I can’t tell you how many parties and feasts and celebrations have been clouded with stress and anxiety about calories and the way that I look and social faux pas and mismatched wine glasses. I can’t tell you how many days have been deemed “good days” or “bad days” because of the number on the scale and how many times I have pinched my stomach to judge my self-worth. I can’t tell you how many times I have minimized a feel-good-should-be-proud writing accomplishment by immediately finding some inherent shortcoming (e.g., I’m still unpublished, this post only got two “likes,” or I don’t have as many followers as this writer or that writer). And I can’t tell you how many times I have taken a success and bent it and twisted it into something completely unrecognizable by adding qualifiers or putting undue pressure on myself to come up with the Next Big Thing.
I can’t tell you how many times I have minimized my worth as a wife, mother, friend, daughter, and sister, characterizing my role in these relationships as perfunctory or inconsequential or unimportant; how many times I have pretended to be something or someone who I am not for the sole purpose of making someone “like” me.”
And I know too many people who are good parents, who are good employees, who have healthy marriages and solid relationships, who are kind and good people, but still feel like they are not enough, like they are failing somehow and in some way.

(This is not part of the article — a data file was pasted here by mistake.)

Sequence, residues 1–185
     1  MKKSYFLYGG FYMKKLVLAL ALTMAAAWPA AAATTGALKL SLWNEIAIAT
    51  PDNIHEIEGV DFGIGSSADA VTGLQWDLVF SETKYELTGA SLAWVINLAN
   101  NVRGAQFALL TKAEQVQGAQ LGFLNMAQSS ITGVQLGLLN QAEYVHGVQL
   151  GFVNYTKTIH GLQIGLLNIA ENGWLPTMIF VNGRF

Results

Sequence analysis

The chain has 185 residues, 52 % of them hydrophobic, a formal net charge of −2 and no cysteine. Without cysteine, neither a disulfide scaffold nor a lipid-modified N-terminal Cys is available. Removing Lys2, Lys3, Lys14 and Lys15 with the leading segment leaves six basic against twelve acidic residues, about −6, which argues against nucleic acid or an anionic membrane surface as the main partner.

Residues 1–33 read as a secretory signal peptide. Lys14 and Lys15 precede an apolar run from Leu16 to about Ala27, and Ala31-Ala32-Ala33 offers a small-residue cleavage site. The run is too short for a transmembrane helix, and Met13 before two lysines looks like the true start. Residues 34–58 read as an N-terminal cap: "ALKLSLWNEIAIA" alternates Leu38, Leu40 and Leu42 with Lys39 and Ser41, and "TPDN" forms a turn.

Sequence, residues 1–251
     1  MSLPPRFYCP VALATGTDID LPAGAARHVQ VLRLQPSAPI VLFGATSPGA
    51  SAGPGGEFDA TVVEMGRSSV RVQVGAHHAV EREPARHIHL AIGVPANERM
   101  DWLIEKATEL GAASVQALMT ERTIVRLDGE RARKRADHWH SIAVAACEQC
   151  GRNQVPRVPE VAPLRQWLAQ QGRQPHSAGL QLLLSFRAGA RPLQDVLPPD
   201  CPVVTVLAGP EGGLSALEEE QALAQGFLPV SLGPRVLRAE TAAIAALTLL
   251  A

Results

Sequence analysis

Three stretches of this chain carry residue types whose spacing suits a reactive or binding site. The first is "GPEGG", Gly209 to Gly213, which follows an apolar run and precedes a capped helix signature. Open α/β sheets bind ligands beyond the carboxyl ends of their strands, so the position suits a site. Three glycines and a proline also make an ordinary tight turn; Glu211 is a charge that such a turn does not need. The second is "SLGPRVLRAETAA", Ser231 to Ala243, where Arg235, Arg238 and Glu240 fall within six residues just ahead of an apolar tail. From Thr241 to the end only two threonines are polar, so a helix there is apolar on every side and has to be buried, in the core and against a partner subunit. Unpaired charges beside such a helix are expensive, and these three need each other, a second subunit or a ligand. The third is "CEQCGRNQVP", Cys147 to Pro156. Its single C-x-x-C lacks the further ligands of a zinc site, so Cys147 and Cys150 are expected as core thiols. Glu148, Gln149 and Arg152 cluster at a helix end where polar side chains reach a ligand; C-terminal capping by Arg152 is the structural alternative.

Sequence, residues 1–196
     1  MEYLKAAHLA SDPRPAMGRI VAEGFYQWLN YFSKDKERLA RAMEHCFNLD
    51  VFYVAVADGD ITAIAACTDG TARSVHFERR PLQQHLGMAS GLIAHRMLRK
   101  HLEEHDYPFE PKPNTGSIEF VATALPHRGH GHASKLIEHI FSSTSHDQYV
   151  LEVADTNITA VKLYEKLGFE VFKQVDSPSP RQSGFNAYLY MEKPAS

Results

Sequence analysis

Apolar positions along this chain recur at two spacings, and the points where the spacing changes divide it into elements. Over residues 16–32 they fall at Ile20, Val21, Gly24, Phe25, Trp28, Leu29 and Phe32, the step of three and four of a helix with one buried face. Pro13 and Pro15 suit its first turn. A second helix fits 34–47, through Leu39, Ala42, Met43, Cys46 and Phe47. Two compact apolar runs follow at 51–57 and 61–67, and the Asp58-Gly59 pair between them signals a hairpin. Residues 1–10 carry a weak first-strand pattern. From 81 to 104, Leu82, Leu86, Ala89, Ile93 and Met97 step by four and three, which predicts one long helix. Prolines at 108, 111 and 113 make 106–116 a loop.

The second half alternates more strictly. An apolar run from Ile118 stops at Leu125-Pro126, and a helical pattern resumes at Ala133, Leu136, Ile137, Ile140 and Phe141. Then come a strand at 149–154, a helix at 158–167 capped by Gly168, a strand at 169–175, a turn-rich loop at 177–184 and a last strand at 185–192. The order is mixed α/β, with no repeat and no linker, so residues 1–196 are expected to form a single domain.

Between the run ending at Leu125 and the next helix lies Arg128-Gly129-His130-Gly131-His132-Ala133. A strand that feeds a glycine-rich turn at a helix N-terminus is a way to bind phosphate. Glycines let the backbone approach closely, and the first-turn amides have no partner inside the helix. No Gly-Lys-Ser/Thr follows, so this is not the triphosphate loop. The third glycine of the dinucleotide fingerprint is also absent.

I know too many women who subsist on coffee and Diet Coke and hunger headaches in order to maintain a thin figure. I know too many moms who feel guilty because they don’t work outside of the home, and too many moms who feel guilty because they do. I know too many women who feel unattractive because their bodies are different now — looser, softer, more tender. I know too many moms who feel unappreciated and unworthy because they spend the majority of their day wiping noses and bottoms, making meals and cleaning up after meals, doing laundry, and shuffling a minivan full of kids to after-school activities.
I know too many men who feel inadequate because they don’t make as much money as the guy in the office next door or because they wear jeans that are two sizes bigger than those they wore 10 years ago. I know too many dads who come home exhausted after working all day and somehow find the energy to play hide-and-seek for an hour before bed, yet still feel like they aren’t doing enough. And I know too many men who, despite work successes and a full family life, feel like they aren’t where they “should” be or where they thought they would be.